1. Key messages about local development and CLLD in this country
In Belgium CLLD is implemented separately by the regional authorities of Flanders and Wallonia, each with its own regional specificities. CLLD has a strong tradition in both regions since the creation of LEADER in 1991.
In Flanders it has been successfully implemented as part of the broader Rural Development Programmes. The regional government of Flanders is the management authority for LEADER, in collaboration with the provincial governments.
In Wallonia LEADER has involved from the outset municipalities and local private actors. From the start, the key messages have been the mobilisation of local actors, and public and private partnerships by encouraging the implementation of innovative projects.
3. Possibility of multi-funding (linking several Funds in one strategy)
Neither Flanders nor Wallonia are using multi-funding. Only EAFRD funding (LEADER) is used through this method. In Flanders, the regional and provincial governments provide additional funding to increase the EAFRD funding. In Wallonia, working with mono-funded LAGs has been very efficient, entirely in the spirit of administrative simplification.
4. Number of LAGs
Number of LAGs using this Fund
Total number of LAGs
5. Purposes, objectives for which CLLD is used
In Flanders, during the preparation of the 2014-2020 programme period, aspirant LAGs could choose three topics from a list of 15 on which they would build their Local Development Strategies. Those topics were sufficiently broad as to ensure a bottom-up approach and an area-oriented implementation. Frequently chosen topics were poverty and vulnerability, regional identity, liveable and lively villages, and innovation and knowledge exchange.
In Wallonia, LEADER is implemented under Priority 6 of the Rural Development Programme. There are no thematic restrictions for the local development strategies of LAGs. The LAGs have to give an identity for their territories and select projects meeting this one. The projects are mainly of an intangible nature and concern sectors such as agriculture, environment, mobility, heritage, culture, social cohesion, energy and economy. A minimum of 10% of the LAG budget is reserved for cooperation (interterritorial or transnational).
6. State of play
The current programme period is still running and has been extended to 31 December 2023.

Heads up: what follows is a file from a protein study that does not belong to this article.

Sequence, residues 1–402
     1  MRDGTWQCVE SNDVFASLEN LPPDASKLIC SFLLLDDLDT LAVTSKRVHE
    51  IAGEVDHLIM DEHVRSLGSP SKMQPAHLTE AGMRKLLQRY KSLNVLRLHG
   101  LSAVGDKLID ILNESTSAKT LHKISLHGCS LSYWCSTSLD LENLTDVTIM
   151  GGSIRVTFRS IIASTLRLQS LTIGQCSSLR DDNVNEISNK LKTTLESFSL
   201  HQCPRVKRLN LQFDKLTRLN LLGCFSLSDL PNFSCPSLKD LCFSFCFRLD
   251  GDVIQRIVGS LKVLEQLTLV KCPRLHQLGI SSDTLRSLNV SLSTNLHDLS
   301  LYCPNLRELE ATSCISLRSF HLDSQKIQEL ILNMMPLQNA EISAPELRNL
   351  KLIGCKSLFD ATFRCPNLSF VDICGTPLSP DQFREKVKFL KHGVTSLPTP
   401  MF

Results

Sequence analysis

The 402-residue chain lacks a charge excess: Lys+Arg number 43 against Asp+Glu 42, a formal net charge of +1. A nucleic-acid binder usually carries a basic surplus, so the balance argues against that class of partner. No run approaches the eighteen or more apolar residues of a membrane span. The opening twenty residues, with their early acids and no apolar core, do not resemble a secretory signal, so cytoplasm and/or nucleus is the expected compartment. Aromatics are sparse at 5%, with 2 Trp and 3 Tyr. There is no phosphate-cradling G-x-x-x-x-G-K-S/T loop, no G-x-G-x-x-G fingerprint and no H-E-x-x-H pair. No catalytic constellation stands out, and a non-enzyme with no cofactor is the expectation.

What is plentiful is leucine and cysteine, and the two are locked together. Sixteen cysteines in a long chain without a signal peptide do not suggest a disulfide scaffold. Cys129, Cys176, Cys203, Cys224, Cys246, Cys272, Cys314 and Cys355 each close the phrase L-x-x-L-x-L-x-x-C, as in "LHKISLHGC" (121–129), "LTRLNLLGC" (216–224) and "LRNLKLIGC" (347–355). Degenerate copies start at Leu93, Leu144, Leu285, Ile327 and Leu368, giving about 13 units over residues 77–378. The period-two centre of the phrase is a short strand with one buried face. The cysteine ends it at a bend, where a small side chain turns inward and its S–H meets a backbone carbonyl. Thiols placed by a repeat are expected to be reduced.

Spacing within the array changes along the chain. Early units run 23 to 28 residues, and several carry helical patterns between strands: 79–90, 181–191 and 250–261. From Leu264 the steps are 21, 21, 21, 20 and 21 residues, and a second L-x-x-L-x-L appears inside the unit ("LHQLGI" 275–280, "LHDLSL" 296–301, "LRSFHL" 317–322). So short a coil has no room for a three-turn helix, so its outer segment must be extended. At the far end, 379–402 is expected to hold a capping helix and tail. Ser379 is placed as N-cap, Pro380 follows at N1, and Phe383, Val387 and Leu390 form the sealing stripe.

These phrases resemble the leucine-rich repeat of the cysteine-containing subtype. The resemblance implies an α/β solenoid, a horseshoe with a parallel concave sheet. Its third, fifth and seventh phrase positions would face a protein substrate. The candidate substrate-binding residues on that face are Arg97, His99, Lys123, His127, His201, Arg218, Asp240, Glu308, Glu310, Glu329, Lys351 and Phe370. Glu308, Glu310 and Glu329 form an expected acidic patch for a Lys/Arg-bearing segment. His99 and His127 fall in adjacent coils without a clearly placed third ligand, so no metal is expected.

In Flanders, the transition period will be used to approve additional projects to fully achieve the stated objectives. At the same time, the programme period will be evaluated, as well as the added value of LEADER as a method. Together with the provincial governments, the Flemish government will prepare the next CAP programme period. Some major changes and improvements are to be expected, such as the focus on three main topics instead of choosing out of 15. The three priorities are bioeconomy and local agriculture, liveable and lively villages and landscape quality and management. In terms of financial management, possible simplified cost options are being explored to further reduce the overall administrative burdens.
In Wallonia the 20 LAGs have supported nearly 150 projects so far. To the initial EAFRD budget of €13 million, €5.5 million were added as part of the extension of the programme period, which made it possible to fund projects until 31 December 2023. The funding absorption at the end of 2020 was close to 75%. For the future programming period, Wallonia will build on their achievements so far and intend to strengthen the use of SCOs, in particular for staff costs in order to reduce the administrative burden.
7. Key achievements so far
LEADER is an established element of regional and local rural development policies in Flanders. LAGs are well known and can build on experiences and networks gained in previous programme periods. Many LAGs in Wallonia that have been active for several rounds of LEADER have acquired a certain recognition in their territory and have become local actors in their own right.
8. Key barriers encountered
In Flanders, in financial terms, working with eligible costs proved to be a heavy administrative burden with many risks of errors.
In Wallonia, the LAGs have encountered administrative and financial burdens and it is also challenging to keep the mobilisation of private local actors despite these burdens.
9. Some national specificities
Comparative research shows that Flanders is one of few cases where subregional governments (i.e. the provinces) are involved as an additional layer of governance between the management authority and the LAGs. Most LAGs rely on the provincial governments for operational support. The provincial governments have a seat in the LAG boards as public representatives, in addition to the municipalities. The LAGs in Wallonia select the projects that will receive the financial support. Public aid is 90% of the eligible expenditure. A specific feature of Wallonia is that each LAG has to reserve 10% of their total envelope for cooperation projects (interterritorial or transnational).
This new country profile, the 17th in this LDnet series on CLLD in Europe, offers an overview of CLLD in Belgium in the 2014-2020 period: local development approach, use of EU funds, number of LAGs, achievements so far, barriers encountered, national specificities. November 2021
Contributing authors: Wouter Peeters, Nicolas De Fotso Tchienegnom
Series coordination and editing: Urszula Budzich-Tabor, Stefan Kah, Haris Martinos
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